Nobody can afford to volunteer to be extra virtuous in a system where the only rule is quarterly profit and shareholder value. Where the market rules, all of us are fighting for the crumbs to get the best investment for the market. And so, this loose money can go anywhere in the planet without penalty. The market can say: “It doesn’t matter what else is going on, it doesn’t matter if the planet crashes in fifty years and everybody dies, what’s more important is that we have quarterly profit and shareholder value and immediate return on our investment, right now.” So, the market is like a blind giant driving us off a cliff into destruction.

No further comment. BUT —

… I think there is a difference between cruel optimism and angry optimism, where you have the Gramscian pessimism in the intellect but also optimism of the will. Use the optimism as a club, to beat the crap out of people who are saying that we are doomed, who are saying let’s give up now. And this “let’s give up now” can be very elaborated academically. You can say: “Well, I’m just into adaptation rather than mitigation, there’s nothing we can do about climate change, all you can do is adapt to it.” In other words, stick with capitalism, stick with the market, and don’t get freaked out. Just adapt and get your tenure because it is usually academics who say it, and they’re not usually in design or architecture, they aren’t really doing things. They’re usually in philosophy or in theory. They come out of my departments, they’re telling a particular story and I don’t like that story. My story is: the optimism that I’m trying to express is that there won’t be an apocalypse, there will be a disaster. But after the disaster comes the next world on.

Cf. the good work they’re doing at Into the Ruinsclimate change (and concomitant political, economic and sociotechnical change) as inescapable but nonetheless survivable, storyable. Solarpunk is in a similar space, but more over on the utopian side of the spectrum, which is likely why its proponents have produced so little so far: they’re not yet testing their dreams hard enough to generate storyable worlds from them.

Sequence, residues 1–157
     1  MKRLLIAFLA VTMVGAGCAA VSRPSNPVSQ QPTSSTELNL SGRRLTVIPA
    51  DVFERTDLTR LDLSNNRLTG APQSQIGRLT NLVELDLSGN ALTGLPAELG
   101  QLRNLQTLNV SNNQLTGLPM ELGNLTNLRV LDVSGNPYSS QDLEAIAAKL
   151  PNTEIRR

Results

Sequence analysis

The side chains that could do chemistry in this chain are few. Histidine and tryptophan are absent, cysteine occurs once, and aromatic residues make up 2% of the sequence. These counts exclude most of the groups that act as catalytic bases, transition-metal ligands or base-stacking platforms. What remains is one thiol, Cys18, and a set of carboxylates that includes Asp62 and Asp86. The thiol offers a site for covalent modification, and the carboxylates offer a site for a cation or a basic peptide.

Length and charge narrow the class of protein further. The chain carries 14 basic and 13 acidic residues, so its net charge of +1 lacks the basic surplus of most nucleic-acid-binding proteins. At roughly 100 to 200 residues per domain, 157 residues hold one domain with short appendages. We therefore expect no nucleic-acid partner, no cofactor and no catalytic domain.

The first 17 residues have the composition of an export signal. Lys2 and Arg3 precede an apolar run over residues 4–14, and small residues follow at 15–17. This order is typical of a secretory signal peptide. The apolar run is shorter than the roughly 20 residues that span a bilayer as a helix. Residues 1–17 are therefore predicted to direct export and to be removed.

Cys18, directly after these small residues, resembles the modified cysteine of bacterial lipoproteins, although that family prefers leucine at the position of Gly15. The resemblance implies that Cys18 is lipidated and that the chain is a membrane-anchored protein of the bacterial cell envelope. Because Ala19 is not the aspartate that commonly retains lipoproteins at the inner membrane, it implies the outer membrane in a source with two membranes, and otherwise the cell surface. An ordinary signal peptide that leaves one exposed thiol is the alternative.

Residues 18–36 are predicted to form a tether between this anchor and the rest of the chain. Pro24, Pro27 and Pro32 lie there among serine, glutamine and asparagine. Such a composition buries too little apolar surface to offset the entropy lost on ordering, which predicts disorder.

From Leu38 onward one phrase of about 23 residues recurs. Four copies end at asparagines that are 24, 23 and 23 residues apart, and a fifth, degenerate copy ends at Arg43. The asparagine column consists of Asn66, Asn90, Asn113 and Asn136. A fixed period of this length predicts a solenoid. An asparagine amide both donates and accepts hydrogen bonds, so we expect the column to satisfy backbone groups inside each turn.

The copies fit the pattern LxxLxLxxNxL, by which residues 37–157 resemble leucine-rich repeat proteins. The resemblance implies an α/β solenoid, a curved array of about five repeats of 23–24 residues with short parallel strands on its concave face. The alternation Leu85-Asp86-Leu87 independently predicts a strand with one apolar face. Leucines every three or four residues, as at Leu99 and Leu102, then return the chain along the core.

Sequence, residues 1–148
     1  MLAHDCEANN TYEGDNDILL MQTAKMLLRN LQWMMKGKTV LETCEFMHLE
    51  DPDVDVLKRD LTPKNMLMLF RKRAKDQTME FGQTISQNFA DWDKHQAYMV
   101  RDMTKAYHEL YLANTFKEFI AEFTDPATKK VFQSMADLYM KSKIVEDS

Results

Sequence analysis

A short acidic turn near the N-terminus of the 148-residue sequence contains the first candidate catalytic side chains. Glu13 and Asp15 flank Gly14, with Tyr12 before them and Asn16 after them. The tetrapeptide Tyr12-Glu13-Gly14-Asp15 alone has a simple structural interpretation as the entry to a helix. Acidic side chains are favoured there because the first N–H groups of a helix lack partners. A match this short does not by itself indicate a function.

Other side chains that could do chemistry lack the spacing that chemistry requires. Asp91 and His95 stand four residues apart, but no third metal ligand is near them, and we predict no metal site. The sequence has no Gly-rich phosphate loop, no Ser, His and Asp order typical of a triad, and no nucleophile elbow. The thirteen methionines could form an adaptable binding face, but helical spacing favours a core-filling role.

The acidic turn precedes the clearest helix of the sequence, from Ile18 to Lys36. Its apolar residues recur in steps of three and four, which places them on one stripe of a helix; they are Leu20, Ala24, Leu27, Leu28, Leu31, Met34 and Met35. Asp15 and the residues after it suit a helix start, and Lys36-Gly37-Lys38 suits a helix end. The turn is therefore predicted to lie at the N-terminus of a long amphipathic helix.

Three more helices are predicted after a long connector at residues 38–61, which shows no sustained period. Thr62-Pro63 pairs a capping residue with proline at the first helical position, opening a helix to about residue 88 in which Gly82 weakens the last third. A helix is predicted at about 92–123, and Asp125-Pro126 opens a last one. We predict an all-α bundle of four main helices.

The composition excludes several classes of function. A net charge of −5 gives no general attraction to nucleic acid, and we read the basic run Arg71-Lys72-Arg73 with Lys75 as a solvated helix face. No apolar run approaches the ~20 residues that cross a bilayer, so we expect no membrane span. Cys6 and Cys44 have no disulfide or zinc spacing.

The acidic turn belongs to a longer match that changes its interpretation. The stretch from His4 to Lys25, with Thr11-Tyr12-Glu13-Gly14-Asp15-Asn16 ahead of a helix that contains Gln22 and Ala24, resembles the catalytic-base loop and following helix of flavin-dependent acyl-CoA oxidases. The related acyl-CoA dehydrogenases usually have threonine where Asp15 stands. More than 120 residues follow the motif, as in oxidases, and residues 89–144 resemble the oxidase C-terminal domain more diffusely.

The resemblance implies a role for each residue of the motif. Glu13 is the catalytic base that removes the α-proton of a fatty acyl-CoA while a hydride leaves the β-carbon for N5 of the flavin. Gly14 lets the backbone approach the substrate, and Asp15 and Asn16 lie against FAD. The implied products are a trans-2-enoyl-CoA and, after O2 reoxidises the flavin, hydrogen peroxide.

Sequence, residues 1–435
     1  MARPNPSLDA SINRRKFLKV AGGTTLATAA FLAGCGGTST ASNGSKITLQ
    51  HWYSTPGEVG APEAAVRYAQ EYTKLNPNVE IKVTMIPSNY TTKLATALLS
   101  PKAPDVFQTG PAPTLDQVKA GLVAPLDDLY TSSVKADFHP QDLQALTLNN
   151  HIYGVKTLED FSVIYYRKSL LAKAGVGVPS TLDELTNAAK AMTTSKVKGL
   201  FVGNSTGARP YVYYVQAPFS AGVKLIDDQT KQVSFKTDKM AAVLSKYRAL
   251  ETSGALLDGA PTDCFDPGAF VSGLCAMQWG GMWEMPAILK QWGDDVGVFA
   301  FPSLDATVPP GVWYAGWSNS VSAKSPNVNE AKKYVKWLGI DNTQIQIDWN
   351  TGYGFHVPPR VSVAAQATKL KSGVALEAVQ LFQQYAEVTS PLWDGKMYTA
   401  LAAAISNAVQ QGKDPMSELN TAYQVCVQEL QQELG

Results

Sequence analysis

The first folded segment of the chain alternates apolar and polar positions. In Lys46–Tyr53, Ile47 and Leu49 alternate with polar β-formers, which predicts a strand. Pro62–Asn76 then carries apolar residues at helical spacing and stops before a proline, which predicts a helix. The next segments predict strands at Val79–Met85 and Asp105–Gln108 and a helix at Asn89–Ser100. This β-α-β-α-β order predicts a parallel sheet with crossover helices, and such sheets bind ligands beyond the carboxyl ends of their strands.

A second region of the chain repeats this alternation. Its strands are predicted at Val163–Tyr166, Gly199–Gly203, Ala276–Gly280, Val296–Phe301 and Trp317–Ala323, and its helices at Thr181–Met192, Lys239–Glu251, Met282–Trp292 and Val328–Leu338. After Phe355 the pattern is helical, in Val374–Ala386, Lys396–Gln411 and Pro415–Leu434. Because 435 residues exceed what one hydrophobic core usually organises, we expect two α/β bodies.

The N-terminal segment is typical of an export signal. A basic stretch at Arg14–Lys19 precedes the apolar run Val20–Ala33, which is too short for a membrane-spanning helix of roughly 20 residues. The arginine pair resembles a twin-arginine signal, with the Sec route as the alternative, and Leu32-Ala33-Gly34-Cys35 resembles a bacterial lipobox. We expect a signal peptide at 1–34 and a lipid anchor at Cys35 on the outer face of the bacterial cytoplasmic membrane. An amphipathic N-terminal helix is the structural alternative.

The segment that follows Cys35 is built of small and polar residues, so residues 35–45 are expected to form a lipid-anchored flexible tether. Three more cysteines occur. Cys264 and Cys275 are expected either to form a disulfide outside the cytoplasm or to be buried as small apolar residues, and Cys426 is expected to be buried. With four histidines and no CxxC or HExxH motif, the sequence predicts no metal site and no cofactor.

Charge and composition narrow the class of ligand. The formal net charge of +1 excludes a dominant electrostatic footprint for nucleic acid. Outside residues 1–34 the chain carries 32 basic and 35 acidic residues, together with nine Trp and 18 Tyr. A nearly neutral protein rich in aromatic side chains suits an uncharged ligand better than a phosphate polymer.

(By “storyable” I mean “more than a mere backdrop or set-dressing; a world/context which plays as generative a role in the plot as any of the characters do, if not significantly more so”. None of which is to say that solarpunk is no good; more to observe that it’s a young scene of predominantly young artists, and is still finding its feet in aesthetics and technique alike. Writing science fiction is not uniquely hard, but it is hard in a unique way, and the speculative toolkit has evolved many of its conventions through necessity as much as ideology; it’s a cliche, and I resisted it myself, but you have to learn the rules before you have any chance of challenging them successfully and systematically.)

Instant Archetypes: 21st Century Tarot from Superflux

As acolytes of the Cult of Ellis may already be aware, the Kickstarter campaign for the Instant Archetypes card deck has just gone live. If you’re interested in futures, the occult, hypermodernist semantics, lush and unique artefacts, or some mix of all four of those — and if you’re still reading this blog, I figure you’re interested in at least one of those things — then I invite you to pop on over there and pledge for a deck.

Those of you reading here because of an enduring interest in my own perspective on institutional dynamics and tactical foresight might be further interested to know that you can also pledge for a consulting session with yours truly, in which I’ll work with you and the cards to think through whatever question or issue you’d most like to explore. (Apparently they decided to ignore my suggestion that this be billed as “consult a scruffy academic wizard about teh fewtch” — which only goes to show you how smart those Superfluxers really are.)

It’s really satisfying to see this project finally come to light; we first floated the concept during the lobby track of FutureEverything 2015, which for a variety of reasons, both personal and contextual, feels like a different aeon entirely… though somehow this feels like exactly the right time for it to emerge, too. The fashion for futures’n’ design folk producing decks of cards was just starting to pick up a head of steam; as I recall it, I made some fairly flippant comment about how you could just dig out an old tarot deck and achieve much the same thing, or even use Eno’s Oblique Strategies. Anab and Jon asked me to explain further, and so I rambled on about archetypes and sortilege and Jung, and Gaiman & Pratchett’s Good Omens (which is perhaps the most formative cornerstone of what passes for my personal cosmology), and how I’ve long used the tarot as a writing prompt or creative disruption device, whether for fiction or non-fiction work, or simply just for life in general. Anab suggested we should make a reboot of the tarot specifically for futures-y folk, which I thought was a wonderful idea, albeit one that would most likely go the way of so many lobby track brainstorms. But it seems it stuck… and in fits and starts, taking advantage of gaps between Superflux projects and the demands of my doctoral studies, we thrashed out rewritten names and definitions for the Major Arcana, and found an amazing artist in Amelie Barnathan.